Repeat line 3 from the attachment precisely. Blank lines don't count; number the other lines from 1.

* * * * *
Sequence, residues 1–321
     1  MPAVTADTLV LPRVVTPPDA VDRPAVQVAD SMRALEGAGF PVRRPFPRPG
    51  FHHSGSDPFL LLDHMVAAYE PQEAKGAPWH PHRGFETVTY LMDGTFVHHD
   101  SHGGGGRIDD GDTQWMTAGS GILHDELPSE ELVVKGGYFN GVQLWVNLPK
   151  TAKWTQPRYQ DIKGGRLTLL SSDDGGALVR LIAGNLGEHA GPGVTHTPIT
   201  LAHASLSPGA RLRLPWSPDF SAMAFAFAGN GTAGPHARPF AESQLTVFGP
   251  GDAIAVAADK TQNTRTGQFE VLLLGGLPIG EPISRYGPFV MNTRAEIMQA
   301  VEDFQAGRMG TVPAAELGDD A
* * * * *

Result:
    51  FHHSGSDPFL LLDHMVAAYE PQEAKGAPWH PHRGFETVTY LMDGTFVHHD